@Nicky48 Thanks. The sock is not my favorite look, but it's not like I was going to the prom or something. And although it's never comfortable to sleep with an electronic ponytail, it's much better than a couple years ago when I was in the hospital for a week, with my long wiry ponytail plugged into the wall. That was less fun.
I think this is more related to how the Hospital is managed and how resources are allocated for these types of services. There should be a specialist to provide these types of support, both one site and from the 3rd Party.
Also, with the cost that goes into R&D for that type of equipment, you would think they would put a little more effort to have it be more user friendly and robust (it should use rechargeable batteries, and look more slick, in a more protective enclosure and not have the wires sticking out). Heck, it should be water and shock proof.
This tells us what are the priorities of the companies that develop this technology, to rush it out the door and make a quick buck, and not think of ongoing support.
(it should use rechargeable batteries, and look more slick, in a more protective enclosure and not have the wires sticking out). Heck, it should be water and shock proof.
@Mejiac, even though some might think that's asking a lot for something that's already expensive, state-of-the-art technology, as you say, it's for that exact reason that your suggestion makes sense. Most of those things don't seem like they'd make too much dent in an already $8,000 price tag.
I always hesitate to criticize if I'm on the outside looking in. But in this case I have to agree that it seems like there's some disconnect between the device's development and the places it's expected to go in real use.
the internal IT staff issue raises an interesting question; no doubt, hospitals have a large number of expensive, specialized devices like this one, and it's hard to blame their IT staff for not knowing all of them, if they're the same size as a normal IT shop and also have all the regular responsibilities. However, is it that they don't know any of the devices, or that they have to prioritize some over others, and leave the rest to the third parties? If it's the latter, What criteria do they use? It's something I'd love to know more about.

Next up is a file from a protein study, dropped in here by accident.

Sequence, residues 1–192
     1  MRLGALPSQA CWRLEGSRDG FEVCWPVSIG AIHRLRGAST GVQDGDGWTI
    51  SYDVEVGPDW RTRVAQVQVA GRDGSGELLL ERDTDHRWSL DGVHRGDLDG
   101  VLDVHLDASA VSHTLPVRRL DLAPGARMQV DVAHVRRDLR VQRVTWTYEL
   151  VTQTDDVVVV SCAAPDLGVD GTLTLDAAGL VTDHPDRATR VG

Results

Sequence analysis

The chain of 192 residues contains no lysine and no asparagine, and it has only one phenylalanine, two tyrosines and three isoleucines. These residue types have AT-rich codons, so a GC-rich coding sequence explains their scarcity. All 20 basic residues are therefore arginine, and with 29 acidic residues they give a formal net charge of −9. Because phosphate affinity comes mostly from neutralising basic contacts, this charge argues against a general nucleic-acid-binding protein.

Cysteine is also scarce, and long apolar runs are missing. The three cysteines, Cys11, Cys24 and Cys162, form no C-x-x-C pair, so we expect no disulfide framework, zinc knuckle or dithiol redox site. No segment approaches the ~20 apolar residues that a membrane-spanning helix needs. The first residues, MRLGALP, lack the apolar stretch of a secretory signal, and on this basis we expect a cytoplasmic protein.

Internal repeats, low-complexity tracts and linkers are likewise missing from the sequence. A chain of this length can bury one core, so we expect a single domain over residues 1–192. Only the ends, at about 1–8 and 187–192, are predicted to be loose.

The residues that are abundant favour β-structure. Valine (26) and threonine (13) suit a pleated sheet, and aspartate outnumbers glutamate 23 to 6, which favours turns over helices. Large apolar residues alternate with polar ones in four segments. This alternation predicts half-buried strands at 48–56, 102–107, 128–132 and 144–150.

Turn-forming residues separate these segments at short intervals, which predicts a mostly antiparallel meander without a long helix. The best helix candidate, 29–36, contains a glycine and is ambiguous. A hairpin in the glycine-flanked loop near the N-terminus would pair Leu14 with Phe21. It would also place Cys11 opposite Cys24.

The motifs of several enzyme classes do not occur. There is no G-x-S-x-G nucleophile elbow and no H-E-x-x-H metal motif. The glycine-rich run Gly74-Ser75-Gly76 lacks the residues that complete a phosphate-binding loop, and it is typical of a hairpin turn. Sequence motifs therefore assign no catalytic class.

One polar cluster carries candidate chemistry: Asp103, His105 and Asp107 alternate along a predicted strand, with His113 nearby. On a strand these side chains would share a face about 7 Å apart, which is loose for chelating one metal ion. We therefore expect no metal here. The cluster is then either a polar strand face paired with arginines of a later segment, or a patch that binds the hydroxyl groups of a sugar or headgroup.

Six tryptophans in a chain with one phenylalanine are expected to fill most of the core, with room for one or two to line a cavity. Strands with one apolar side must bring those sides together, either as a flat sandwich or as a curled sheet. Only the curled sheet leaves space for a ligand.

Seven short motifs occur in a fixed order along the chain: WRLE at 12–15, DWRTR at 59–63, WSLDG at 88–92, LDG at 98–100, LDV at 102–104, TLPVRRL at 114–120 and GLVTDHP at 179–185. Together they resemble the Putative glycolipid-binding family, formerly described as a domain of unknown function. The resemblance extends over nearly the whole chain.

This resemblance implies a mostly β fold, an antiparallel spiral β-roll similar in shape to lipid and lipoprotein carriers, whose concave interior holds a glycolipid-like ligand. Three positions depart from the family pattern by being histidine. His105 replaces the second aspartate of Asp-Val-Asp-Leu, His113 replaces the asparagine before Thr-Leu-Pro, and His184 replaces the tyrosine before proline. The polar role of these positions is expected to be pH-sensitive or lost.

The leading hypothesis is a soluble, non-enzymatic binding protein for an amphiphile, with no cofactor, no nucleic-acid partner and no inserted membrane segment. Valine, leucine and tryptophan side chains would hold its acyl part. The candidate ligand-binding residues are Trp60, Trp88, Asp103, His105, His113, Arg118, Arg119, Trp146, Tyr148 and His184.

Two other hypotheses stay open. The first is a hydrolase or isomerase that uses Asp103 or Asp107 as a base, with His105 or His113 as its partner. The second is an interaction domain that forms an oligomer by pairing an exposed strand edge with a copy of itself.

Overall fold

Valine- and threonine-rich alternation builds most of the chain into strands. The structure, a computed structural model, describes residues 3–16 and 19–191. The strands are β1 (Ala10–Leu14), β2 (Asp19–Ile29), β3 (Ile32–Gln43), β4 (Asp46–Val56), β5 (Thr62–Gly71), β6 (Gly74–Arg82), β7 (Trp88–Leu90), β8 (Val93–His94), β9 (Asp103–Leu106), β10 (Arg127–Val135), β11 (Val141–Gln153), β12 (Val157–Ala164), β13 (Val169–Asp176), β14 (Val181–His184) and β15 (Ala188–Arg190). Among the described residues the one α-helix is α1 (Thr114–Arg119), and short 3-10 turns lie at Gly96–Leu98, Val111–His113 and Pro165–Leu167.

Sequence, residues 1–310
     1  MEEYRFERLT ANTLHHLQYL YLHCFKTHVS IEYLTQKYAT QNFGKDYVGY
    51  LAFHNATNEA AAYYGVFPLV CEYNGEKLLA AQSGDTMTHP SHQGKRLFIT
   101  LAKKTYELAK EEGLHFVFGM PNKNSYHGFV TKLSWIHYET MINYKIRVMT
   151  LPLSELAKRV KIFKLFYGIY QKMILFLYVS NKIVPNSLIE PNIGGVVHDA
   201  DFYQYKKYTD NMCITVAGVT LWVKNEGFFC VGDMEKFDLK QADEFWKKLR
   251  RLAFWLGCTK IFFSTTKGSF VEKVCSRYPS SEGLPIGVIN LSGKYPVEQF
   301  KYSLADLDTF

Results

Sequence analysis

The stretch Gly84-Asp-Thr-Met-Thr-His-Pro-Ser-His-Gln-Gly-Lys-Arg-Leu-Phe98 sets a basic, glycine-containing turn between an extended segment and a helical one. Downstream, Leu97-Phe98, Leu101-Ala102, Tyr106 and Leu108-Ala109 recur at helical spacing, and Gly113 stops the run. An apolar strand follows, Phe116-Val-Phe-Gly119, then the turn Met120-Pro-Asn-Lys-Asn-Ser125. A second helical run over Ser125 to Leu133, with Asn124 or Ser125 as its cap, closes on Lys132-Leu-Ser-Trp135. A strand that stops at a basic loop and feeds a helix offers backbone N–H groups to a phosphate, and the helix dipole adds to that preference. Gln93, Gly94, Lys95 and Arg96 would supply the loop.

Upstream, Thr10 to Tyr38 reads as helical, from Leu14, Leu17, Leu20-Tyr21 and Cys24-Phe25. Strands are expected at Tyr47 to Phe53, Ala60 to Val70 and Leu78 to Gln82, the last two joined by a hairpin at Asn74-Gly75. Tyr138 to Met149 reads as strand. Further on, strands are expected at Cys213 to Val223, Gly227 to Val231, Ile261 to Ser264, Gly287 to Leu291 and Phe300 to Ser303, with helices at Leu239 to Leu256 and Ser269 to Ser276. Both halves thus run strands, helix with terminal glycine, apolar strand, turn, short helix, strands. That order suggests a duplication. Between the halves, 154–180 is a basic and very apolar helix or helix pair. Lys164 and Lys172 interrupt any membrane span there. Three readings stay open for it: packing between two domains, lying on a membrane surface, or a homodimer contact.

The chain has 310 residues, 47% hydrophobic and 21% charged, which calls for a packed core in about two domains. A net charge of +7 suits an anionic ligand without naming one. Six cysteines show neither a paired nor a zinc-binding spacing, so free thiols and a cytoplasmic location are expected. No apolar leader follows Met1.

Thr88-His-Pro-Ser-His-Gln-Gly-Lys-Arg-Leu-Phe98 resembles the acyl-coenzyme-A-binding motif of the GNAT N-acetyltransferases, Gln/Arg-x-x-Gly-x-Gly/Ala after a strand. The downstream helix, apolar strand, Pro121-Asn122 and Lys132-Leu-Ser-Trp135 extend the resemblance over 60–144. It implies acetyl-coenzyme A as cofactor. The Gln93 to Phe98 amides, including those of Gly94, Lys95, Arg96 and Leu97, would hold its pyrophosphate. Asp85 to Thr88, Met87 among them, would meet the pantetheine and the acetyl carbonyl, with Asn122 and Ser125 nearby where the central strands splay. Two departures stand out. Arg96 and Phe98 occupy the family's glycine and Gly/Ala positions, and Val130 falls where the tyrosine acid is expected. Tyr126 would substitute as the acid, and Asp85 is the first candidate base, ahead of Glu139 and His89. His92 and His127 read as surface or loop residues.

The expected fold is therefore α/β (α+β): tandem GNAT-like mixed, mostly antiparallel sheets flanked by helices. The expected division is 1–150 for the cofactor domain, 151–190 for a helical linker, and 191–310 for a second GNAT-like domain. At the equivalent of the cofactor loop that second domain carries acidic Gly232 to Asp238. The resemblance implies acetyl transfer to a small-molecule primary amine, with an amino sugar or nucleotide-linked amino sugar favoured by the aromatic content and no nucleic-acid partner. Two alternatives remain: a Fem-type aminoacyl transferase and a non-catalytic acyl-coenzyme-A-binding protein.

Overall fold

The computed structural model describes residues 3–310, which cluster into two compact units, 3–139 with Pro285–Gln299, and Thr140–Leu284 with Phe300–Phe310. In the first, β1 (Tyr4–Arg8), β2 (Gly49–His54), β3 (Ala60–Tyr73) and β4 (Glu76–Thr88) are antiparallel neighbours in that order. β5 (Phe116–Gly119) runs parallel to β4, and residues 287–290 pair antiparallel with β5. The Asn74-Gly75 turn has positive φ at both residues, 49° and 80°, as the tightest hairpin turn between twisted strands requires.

if the IT staff doesn't have the manpower to take care of this task, is it the hospital's fault for not hiring more/appropriate staff, the developers of the device for making it too much for the lay-ITmen to figure it out, or the industry's fault for not recognizing this need to begin with? these are not easy questions to answer.
@zerox203 You raise so many excellent questions. I wish I had answers for them, and I'll see if I can find some. I don't think it's necessary for the hospital IT staff to be expert in all of these specialized medical devices -- that's what the medical technicians are for. But I've got to imagine that there are plenty of instances in which the IT people should at least have an awareness of what's going on with these devices. I wonder if the CIO is involved at all in the purchasing decisions for these tools...
I think they have the right intention, to improve the accuracy but also patient satisfaction as you say, a couple of years ago it was a week stay and sleeping in the hospital with a bulky device. But the execution is falling down it seems. The hospital should be saving money with the less costly procedure (outpatient now vs. inpatient) so maybe they should divert that savings into training, reinvesting savings into training and innovation is key. Or maybe the manufacturer could be better about not only handing it off to the hospital/IT but writing an end-user guide (or video) that would maybe close the loop but also differentiate them in the market.
@MariaB That's a great suggestion -- having the manufacturer write a guide or video for the person hooked up to the machine, as well as some guide/training for the IT staff so that they understand the basics. (Maybe then they could at least stock up on extra batteries, or better document data archiving and data security processes, what-have-you.)
I should say that thusfar I've never had a problem. My electrodes have never come undone and I haven't had a battery failure and I haven't dipped the whole thing in the bathtub. And yes, the outpatient procedure is not just cheaper, it's also theoretically produces more valuable results because the patient has the opportunity to continue their normal behavior instead of sitting in a hospital room all day. (Although I'm too vain to hang out in public with that crap on my head, so it's not ENTIRELY normal behavior.) So overall the system isn't bad, as long as your EEG technicians are great (which mine is) and your patient is careful.
But if I were responsible for risk management, security, compliance, or disaster recovery at the hospital, I'd be nervous.
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